Again, you may suggest that this simply was a “post-acknowledgement” of His Messiahship. But why is this phrase included in the text? It is not just because John decided to include it—he could just as well dispense with the statement “King of Israel” since John’s Gospel allegedly presents Christ as the “eagle” (i.e., Son of God—a “heavenly prospect”); whereas Matthew’s gospel bears witness to the Lion of the Tribe of Judah, the King (His Kingship—an “earthly perspective”) – but he (John) did not; he included it; whereas, insofar as the King concerns, after Peter’s confession of Who was Christ, Jesus went on to give Peter the “keys to the Kingdom of Heaven” (Matt. 16:19) and told Peter that “whatsoever thou shalt bind on earth shall be bound in heaven: and whatsoever thou shalt loose on earth shall be loosed in heaven.” Thus, John declares the Son of God as the King of Israel, and Matthew declares Him as the Son of God but uses the new name of Peter destined to open the gates to the Kingdom of Heaven – the King and the Kingdom.

Jesus did NOT deny these entitlements made by Nathanael, but advanced “these things” climaxing them in a grandiose crescendo by saying something far more expansive than “I will build My Ekklesia” – no, He went much further by stating: “You will see greater things than these . . . you shall see heaven open, and the angels of God ascending and descending upon the Son of Man(John 1:50-51). Here the Son of Man appears in the latter part of Nathanael’s confession; whereas Jesus introduced the questioning of Peter with “Who do men say that I, the Son of Man, am?” (Matt. 16:13) . . . while pursuing His exchange with Peter in the context of the cross. Here, Peter rebuked Jesus’ disclosure of his suffering and death, coupled by His resurrection the third day—for this was the MEANS whereby Jesus’ Ekklesia would be built.

But more so with Peter . . . Jesus went beyond the cross lived out through His believers (as well) and declared: “For the Son of Man will come in the GLORY of His father with His angels, and then He will reward each according to his works” – furthermore, “there are some standing here who shall not taste death till they see the Son of Man (mentioned again) coming in His KINGDOM. Of course, immediately after Matthew 16’s account, Jesus was “transfigured” on the Mount (Matt. 17:1-10) where His GLORY was on full display; yet, Peter determined to build there three equal tabernacles—but the Father would have Peter see and hear “My beloved Son, in whom I am well pleased . . . Hear Him!” This statement caused Peter, James and John to fall flat on their faces; and when they lifted up their eyes “they saw no one but Jesus only” (Matt. 17:5-8, Excerpts).

Since the Son in John 17 possessed glory with the Father prior to His incarnation: “O Father, glorify Me together with Yourself, with the glory which I had with You before the world was” (John 17:5) . . . then why would Jesus ask the Father the following: “Glorify Your Son, that Your Son also may glorify You . . . I have glorified you on the earth . . . I have finished the work which You have given Me to do . . . And Now, O Father, glorify Me” (John 17:4-5)?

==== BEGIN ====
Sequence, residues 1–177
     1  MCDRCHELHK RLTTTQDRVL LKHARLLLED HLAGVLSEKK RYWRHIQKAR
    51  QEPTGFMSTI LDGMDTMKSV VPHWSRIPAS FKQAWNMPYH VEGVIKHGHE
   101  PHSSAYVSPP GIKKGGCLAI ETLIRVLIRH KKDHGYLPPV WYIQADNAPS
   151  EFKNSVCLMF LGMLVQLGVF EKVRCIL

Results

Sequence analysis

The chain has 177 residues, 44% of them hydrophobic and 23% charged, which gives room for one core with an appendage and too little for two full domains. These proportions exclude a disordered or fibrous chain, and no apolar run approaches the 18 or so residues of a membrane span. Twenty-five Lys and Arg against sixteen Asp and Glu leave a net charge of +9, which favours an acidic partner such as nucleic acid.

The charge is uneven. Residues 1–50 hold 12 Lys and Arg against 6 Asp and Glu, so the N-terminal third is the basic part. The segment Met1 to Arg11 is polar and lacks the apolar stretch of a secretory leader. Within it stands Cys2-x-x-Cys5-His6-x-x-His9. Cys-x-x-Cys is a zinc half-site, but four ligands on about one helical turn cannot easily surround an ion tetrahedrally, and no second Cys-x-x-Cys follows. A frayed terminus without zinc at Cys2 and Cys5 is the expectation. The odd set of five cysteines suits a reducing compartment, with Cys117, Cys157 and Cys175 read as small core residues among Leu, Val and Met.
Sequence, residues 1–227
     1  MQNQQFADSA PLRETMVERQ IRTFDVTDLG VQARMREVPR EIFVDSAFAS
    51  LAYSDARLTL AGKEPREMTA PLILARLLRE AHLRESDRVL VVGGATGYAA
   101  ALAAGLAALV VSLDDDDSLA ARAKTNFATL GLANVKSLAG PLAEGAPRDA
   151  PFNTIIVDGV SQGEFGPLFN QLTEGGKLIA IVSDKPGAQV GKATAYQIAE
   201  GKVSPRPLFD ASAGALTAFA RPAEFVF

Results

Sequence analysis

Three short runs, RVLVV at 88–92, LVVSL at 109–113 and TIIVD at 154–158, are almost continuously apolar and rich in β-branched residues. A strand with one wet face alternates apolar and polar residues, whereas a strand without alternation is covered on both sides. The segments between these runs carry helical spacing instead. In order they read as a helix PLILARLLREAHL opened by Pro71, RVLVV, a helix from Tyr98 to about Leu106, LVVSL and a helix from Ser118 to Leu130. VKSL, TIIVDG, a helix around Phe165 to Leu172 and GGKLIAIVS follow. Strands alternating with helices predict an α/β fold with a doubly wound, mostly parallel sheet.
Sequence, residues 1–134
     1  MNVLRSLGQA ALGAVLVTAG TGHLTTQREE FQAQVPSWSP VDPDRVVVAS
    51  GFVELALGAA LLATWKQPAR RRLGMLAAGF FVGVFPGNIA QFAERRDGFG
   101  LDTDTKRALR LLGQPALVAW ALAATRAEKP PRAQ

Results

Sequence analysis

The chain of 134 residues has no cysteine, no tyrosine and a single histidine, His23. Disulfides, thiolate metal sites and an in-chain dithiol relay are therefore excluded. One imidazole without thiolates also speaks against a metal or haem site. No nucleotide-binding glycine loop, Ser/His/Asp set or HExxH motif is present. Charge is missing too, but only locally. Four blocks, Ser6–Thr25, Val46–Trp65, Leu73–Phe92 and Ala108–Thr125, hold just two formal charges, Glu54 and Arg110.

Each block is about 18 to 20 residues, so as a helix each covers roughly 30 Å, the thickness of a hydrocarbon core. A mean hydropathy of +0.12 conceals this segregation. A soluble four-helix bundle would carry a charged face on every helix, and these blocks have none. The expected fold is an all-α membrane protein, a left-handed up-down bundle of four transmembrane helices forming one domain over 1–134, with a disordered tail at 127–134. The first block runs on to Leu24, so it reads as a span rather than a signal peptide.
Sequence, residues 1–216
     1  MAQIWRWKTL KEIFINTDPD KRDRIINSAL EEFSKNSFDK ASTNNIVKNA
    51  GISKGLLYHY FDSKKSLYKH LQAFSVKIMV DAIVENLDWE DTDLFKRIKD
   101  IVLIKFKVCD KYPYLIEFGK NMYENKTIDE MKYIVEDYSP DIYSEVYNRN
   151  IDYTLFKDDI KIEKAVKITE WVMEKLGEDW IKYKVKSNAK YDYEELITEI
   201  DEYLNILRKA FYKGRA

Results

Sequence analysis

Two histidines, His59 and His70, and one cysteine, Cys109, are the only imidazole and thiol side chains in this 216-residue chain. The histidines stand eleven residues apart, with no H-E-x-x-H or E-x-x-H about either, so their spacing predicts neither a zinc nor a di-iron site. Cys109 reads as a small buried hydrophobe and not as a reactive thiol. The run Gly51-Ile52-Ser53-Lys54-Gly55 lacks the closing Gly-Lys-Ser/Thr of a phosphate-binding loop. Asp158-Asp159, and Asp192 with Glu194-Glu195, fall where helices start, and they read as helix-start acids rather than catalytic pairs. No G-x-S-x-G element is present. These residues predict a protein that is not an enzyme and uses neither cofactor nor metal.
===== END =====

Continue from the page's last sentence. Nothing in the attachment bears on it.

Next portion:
In other words, the previous GLORY possessed by the Son before the world was, would be given, now as the INCARNATE SON OF MAN, a wholly new glory that would in turn be given to His disciples, to wit: “And the glory which You gave Me I have given them, that they may be one just as We are one” (John 17:22) . . . “. . . that they may behold My glory which You have given Me; for You loved Me before the foundation of the world” (John 17:24). You see, the glory given to the INCARNATE Son of Man was to be given to His people so that they would be “perfected into one” (John 17:23)—it was the express purpose of the ONENESS OF HIS BODY—for the Kingdom of God—to bring Man into the glory in order for humanity to be perfected into ONE . . . into the glory shared by the Father and the Son!

You may assume that Matthew’s recording of Jesus’ efforts of the Ekklesia is most profound—it is. However, I would contest that the exchange with Nathanael is far and away more “purposefully elaborate” in that it not only expands, although not specifically mentioning, the theme of the Ekklesia, in that it illuminates HOW. . . BY WHAT MEANS . . . the House of God (Bethel), which is the Ekklesia to which Jesus expounds upon in Matthew 16, will be built. That is, through the practicum of the vision of Jacob’s ladder! Indeed, the entire account of Jacob’s vision and those matters which surround his encounters at Bethel bear overwhelming significance—for Jesus did not just pull this revelation of His Plan and Purpose as “greater things” out of thin air. He would “illustrate” just how the Kingdom of Heaven – the Ekklesia – would be built to enshrine His Glory – for “Unto Him be glory in the EKKLESIA, and in Christ Jesus throughout all ages, world without end. Amen” (Eph. 3:21).

NOTE: Part 2 will, hopefully, posted simultaneously with this piece to make a coherent whole of The Kingdom of God…A Fresh View.



[i] Millennialism: The Two Major Views, Charles L. Feinberg, Moody Press, Chicago, Third Edition, 1980, pp. 252-53.

[ii] H Bavinck, The Last Things (Grand Rapids: Baker, 2000), 96-97.

[iii] H. Bavinck, Reformed Dogmatics (Baker Academic; Abridged edition (June 1, 2011), 658.

[iv] D.R. Shearer, Amillennialism, Theology or Metaphysics, Book III, p. 14.

[v] C. I. Scofield, The Scofield Reference Bible, p. 1003. See also C. I. Scofield, The New Scofield Reference Bible, p. 1002.

[vi] “Are the Kingdom of God and the Kingdom of Heaven the Same?” Never Thirsty @ - Retrieved on 05.05.2020.

[vii] Pilgrims and Puritans, by Dr. Gavin Finley, blog @ - Retrieved, 05.05.2020

[viii] See: Lambert Dolphins: Kings of Israel and Judah @ – Retrieved on 05.05.2020

[ix] New Spirit-Filled Life Bible (KJV), p. 1505.